I watched the evening news bulletin reporting how this current incarnation of the #FeesMustFall movement had spread to Fort Hare. I watched Fort Hare students, like students at other campuses, burn all manner of property. But what was odd in all that burning at Fort Hare, was the students throwing toilet paper all over the campus. Yes, toilet paper. This almost like a message to the system telling it to wipe itself off after it had off-loaded all this crap on the students. Perhaps all it was, was the student rage within boiling and reaching out for all and sundry to manifest itself.
In the Spring of 1989, university students in China launched massive protests at Tiananmen Square in Beijing. The Chinese students had a list of seven demands, two of which were the increase of funding for education and provision of objective coverage in the media for their protests. The then Beijing municipality party-secretary and future party-leader, Jiang Zemin, censored all newspapers in Beijing. The 1989 students went on to stage a sit-in in Beijing lasting a number of weeks. The national leadership of China, led by Deng Xiaoping, was confounded and faced two choices. 1) Become conciliatory and thus concede to some of the student demands or 2) become more hard-line and use force to end the sit-in.
As the 1989 student rage ebbed and flowed, a number of problems started manifesting in the student protest.
Firstly, the internal politics of the governing party had a direct bearing on the resolution of the protest. Communist style political parties subscribe to Lenin inspired democratic centralism. However, there are always factions within the party with different views. This tendency for factions had profound impact in 1989. Much in the same way that the Central Party in China was fractured on how to resolve the 1989 crisis, I imagine the ANC here is also internally doing a lot of head scratching. This more so given that the leadership contest in 2017 is up in play. So whatever demands the students have these demands are inherently tied to the politics of the ANC leadership contest and who wants to appear as the problem-solver.
Secondly, with each passing week the 1989 student protest started getting mandate creep. In other words, buoyed by the popular support, they started demanding more things than those for which the march was originally conceived. This happened as other social organisations joined the protest. If you have any familiarity with human psychology you then know that such expansion breeds leadership contestation. In 1989 the contest literally became about who held the loudspeaker in the Square. This person then dictated the programme. In SA, the students are already getting ambitious and calling for the fall of this or that other thing. A sobering note from 1989 is that the 1989 protestors got almost no substantive gains from their weeks of protest toil.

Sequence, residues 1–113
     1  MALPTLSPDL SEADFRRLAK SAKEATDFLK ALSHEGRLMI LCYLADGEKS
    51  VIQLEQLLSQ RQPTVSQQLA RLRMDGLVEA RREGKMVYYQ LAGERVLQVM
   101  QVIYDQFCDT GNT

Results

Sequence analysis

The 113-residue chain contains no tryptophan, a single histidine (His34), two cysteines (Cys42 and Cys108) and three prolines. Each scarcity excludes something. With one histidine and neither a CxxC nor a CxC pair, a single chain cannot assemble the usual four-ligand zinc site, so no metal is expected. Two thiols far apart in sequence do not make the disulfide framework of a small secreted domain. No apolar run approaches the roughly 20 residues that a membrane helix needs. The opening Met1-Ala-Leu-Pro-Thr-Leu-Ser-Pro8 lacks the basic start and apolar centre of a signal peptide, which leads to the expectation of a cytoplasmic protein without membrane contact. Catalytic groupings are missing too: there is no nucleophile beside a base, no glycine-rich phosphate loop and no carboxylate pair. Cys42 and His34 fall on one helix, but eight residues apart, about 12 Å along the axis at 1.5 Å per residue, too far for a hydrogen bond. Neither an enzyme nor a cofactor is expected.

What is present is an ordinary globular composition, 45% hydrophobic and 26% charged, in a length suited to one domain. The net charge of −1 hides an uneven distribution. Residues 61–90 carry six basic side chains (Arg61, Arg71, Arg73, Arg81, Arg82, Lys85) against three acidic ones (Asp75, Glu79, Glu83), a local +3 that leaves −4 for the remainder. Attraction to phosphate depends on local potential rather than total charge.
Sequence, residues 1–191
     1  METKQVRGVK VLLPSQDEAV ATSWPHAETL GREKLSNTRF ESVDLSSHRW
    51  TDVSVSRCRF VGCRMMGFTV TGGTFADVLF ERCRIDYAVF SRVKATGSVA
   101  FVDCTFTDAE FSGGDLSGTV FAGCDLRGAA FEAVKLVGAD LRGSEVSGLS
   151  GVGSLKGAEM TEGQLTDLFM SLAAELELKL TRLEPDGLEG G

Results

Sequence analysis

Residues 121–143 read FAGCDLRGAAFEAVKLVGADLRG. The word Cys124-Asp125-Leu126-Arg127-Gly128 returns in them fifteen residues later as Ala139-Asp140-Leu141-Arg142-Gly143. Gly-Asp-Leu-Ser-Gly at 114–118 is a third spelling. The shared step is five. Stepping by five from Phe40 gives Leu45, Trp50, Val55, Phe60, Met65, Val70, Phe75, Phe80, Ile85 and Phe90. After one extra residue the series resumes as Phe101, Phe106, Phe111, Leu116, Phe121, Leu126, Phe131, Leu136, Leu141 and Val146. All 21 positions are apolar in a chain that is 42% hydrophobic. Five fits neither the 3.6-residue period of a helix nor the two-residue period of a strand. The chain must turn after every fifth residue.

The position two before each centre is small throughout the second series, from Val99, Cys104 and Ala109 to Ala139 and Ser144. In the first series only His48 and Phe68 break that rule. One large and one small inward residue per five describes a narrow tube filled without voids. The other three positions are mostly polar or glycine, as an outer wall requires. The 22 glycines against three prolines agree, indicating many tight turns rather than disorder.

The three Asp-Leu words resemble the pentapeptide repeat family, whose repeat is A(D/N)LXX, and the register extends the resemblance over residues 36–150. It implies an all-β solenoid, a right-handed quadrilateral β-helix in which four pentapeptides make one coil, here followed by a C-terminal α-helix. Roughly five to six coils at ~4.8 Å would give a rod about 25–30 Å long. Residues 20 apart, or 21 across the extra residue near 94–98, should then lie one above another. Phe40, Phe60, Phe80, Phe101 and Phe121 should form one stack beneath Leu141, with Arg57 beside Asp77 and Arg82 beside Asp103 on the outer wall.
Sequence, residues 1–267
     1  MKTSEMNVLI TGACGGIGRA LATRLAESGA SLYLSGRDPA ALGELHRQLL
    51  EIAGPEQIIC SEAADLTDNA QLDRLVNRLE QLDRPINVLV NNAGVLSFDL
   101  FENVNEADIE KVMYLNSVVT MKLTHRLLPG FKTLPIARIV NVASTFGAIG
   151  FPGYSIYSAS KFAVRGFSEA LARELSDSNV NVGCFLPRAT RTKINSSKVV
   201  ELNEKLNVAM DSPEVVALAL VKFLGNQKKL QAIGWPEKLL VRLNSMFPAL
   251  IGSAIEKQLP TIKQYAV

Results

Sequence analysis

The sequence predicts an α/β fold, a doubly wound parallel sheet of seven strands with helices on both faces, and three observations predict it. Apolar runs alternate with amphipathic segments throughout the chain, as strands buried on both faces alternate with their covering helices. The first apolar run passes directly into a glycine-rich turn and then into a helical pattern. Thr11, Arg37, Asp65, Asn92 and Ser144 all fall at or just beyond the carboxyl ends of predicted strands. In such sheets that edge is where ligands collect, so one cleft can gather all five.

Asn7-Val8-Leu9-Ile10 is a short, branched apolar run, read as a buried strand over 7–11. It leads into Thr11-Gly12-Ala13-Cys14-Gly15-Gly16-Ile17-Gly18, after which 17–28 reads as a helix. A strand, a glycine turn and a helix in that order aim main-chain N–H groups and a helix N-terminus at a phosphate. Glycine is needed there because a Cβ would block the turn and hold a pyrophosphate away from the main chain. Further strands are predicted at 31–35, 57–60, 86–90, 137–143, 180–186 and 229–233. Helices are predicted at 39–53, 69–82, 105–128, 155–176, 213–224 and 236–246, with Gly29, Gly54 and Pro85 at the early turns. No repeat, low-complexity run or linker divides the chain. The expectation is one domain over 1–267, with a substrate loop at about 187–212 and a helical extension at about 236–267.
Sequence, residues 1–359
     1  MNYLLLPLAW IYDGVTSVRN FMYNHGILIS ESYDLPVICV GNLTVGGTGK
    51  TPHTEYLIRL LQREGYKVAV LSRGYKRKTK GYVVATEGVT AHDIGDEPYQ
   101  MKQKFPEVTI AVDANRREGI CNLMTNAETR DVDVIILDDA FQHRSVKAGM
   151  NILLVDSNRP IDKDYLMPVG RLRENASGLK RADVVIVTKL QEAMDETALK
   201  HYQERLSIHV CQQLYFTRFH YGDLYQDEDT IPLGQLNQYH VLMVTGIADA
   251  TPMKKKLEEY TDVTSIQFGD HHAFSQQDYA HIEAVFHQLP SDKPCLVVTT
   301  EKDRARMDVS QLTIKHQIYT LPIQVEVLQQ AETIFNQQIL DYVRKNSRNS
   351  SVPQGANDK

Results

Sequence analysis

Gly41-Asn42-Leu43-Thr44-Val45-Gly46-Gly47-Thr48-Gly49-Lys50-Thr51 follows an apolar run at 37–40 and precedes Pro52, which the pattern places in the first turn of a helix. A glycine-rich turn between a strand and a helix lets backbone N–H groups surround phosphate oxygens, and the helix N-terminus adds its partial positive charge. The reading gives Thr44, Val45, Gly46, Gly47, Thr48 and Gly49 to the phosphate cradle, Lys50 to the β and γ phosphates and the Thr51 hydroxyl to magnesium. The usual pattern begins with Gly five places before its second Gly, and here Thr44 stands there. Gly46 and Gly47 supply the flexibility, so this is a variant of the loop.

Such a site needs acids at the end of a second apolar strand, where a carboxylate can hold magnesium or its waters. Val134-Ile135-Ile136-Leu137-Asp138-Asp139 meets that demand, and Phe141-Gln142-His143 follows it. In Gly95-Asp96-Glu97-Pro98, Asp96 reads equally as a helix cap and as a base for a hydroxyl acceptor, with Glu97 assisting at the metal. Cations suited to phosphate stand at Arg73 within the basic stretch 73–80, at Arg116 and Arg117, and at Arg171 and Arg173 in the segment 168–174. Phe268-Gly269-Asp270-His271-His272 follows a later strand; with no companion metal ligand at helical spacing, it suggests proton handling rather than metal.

Thirdly, protests live or die to the extent their narrative garners sympathy and captures popular imagination. The deployment of military force in 1989 was temporarily thwarted by the popular support the students had had from the populace. Thus in order to effect any form of securitized control over the situation, the Chinese government needed to reshape the narrative so as to malign the protest. They did this by asserting that the protest albeit starting off legitimate had become infiltrated with “bourgeois liberalism” agents. They further asserted that these liberals despised the Chinese way and wanted to overthrow the state — thus ultimately westernise China. China premier Li Peng used the politburo as a fertile ground to drive the narrative. In SA, the longer this protest goes on the more difficult it will become for the students to claim freedom from infiltration. Once government wins this war on narrative, it will then have carte blanche on re-inforcing authority.
Lastly, individual leaders can betray the cause. The China leadership endorsed a few 1989 leaders from the protesters and called them in for private negotiations. It is a matter of rumour that some of the leaders which later endorsed the party position in these private negotiations subsequently went on to have prosperous careers in China. This strategy of private meetings led to divisions within the student leadership. This happened on two levels. Firstly on whom the government chose to recognise for the negotiations. Secondly who it chose to weaken with prospect of individual prosperity and who to discard. These two tactics amongst other things sowed chaos with the direction of the 1989 protests. In SA, short of the students having a single unified mandate that any single individual can go defend without relying on single particular leaders then I fear once the ANC leadership is done with them they may utter Julius Malema’s words that they too feel like used condoms.
Early success should not beget a loss of discipline.